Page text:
Illness as an experience, not as an entity.
"The prevailing biomedical model, inherited from the anatomical and bacteriological investigations of the sixteenth through nineteenth centuries, treats diseases as entities. From this perspective, diseases can be considered separately from the individual people in whom they manifest; a disease such as syphilis is thought to have a single cause, to express itself in a universally recognizable way, and to be treatable by a standard regimen. But Chinese doctors, as is clear from the early medical literature, approached illness as an experience, not an entity. And an experience, unlike an entity, could have many different causes and appropriate treatments. Its expression was not universal but depended on the individual patient’s circumstances."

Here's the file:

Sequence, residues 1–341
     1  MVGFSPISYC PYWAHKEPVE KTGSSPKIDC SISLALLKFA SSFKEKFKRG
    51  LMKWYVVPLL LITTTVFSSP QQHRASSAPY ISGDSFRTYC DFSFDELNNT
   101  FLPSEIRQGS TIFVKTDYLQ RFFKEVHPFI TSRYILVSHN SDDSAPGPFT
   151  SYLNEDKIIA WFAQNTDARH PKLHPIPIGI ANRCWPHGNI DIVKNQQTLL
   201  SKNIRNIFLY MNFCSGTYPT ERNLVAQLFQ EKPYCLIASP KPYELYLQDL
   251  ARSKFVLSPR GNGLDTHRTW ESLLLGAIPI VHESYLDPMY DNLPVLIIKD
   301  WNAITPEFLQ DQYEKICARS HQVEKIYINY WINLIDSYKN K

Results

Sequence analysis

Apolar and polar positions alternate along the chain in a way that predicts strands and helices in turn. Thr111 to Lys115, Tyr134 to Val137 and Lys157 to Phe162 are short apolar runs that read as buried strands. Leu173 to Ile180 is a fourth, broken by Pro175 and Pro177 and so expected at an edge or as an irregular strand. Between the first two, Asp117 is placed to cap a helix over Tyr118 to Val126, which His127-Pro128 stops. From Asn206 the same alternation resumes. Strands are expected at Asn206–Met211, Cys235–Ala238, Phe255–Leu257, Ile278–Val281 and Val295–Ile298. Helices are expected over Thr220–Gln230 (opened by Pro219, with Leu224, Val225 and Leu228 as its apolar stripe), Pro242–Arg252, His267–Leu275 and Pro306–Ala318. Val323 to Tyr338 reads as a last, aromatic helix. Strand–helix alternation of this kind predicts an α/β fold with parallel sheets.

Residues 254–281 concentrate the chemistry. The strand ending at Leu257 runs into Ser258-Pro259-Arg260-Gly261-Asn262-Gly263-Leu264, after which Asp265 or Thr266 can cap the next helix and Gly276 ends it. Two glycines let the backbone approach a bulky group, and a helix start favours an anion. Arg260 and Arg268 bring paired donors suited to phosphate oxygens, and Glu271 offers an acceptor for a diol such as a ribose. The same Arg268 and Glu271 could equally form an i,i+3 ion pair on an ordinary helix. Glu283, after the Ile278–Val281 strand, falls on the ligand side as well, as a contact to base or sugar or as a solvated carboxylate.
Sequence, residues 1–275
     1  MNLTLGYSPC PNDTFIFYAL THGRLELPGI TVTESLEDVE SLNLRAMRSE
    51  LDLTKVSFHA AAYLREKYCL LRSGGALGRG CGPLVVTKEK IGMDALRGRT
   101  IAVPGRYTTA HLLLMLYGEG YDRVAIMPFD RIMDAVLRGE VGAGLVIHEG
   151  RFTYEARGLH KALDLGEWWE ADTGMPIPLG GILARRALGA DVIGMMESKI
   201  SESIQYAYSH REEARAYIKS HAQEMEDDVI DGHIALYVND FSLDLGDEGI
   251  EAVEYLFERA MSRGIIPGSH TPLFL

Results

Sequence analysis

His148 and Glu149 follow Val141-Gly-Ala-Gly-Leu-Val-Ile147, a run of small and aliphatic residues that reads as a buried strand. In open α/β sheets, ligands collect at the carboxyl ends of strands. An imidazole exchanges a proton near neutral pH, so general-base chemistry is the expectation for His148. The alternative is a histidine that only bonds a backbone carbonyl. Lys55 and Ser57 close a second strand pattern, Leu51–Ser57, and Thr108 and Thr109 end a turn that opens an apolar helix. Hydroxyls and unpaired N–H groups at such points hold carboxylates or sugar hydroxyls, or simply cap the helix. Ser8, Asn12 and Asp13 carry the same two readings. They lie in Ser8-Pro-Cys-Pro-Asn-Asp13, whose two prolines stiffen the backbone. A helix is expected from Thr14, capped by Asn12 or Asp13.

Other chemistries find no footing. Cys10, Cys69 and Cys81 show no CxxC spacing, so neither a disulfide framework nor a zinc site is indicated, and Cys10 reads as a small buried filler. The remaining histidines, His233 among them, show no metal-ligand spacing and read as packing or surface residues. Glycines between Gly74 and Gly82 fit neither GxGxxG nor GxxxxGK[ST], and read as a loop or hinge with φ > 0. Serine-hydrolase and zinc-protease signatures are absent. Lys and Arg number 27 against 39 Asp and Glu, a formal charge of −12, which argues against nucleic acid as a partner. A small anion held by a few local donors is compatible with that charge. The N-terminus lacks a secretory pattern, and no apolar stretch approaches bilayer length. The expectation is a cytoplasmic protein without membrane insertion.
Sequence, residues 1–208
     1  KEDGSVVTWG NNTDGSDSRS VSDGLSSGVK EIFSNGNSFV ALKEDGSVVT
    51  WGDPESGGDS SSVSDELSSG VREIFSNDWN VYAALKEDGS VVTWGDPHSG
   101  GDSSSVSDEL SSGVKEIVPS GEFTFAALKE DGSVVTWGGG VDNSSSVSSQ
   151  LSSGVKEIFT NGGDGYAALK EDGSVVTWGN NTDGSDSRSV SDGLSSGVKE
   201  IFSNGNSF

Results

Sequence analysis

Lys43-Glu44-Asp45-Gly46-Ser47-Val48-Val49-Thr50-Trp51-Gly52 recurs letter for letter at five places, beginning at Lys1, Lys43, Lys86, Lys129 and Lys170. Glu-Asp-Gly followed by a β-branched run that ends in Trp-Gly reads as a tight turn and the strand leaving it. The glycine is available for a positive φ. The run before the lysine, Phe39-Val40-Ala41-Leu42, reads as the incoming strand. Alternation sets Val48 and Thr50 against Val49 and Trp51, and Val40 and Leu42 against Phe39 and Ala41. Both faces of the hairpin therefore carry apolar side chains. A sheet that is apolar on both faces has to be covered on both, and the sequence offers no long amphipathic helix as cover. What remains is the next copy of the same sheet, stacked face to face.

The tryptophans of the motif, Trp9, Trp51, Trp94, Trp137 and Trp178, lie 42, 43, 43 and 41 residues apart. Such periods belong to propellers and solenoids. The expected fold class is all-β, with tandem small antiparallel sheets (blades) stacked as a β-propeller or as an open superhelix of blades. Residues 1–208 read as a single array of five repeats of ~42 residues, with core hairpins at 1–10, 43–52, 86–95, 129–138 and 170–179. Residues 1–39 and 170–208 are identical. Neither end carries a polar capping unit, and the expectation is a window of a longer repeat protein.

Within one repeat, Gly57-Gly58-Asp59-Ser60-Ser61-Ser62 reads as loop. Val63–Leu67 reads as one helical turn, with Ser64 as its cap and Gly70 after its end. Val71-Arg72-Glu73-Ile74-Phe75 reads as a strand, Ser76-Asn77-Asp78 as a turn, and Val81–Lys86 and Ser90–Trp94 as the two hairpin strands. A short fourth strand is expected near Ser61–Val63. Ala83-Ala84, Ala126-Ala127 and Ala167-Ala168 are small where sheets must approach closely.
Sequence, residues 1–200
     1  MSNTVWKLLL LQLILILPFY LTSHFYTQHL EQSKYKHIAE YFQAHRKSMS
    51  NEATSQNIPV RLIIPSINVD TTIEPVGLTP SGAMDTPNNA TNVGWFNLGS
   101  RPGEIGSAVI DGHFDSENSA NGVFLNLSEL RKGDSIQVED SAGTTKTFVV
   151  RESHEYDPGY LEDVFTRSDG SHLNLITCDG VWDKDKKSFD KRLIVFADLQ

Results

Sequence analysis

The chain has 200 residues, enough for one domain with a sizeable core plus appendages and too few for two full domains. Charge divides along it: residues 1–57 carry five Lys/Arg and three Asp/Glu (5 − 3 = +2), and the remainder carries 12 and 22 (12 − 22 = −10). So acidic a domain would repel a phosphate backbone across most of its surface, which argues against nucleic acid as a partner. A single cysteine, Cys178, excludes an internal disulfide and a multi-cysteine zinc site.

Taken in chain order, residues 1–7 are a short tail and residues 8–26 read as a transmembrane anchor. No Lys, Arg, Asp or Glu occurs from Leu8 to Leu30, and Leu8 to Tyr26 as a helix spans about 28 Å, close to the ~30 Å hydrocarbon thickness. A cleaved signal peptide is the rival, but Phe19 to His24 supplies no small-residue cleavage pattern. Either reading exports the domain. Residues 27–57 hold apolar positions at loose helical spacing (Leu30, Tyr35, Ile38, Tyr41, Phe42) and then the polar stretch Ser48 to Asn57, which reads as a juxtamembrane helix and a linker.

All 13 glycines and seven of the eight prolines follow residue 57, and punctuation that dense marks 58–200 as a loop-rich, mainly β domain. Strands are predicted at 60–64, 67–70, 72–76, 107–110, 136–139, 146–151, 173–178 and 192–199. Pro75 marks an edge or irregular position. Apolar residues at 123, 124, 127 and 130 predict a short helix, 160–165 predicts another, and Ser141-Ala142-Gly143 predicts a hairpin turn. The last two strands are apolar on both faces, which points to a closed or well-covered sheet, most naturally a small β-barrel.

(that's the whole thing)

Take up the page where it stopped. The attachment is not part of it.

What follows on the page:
- Hilary A. Smith, Professor of History at University of Denver
Taken from her paper "Understanding the jiaoqi Experience: The Medical Approach to Illness in Seventh-century China".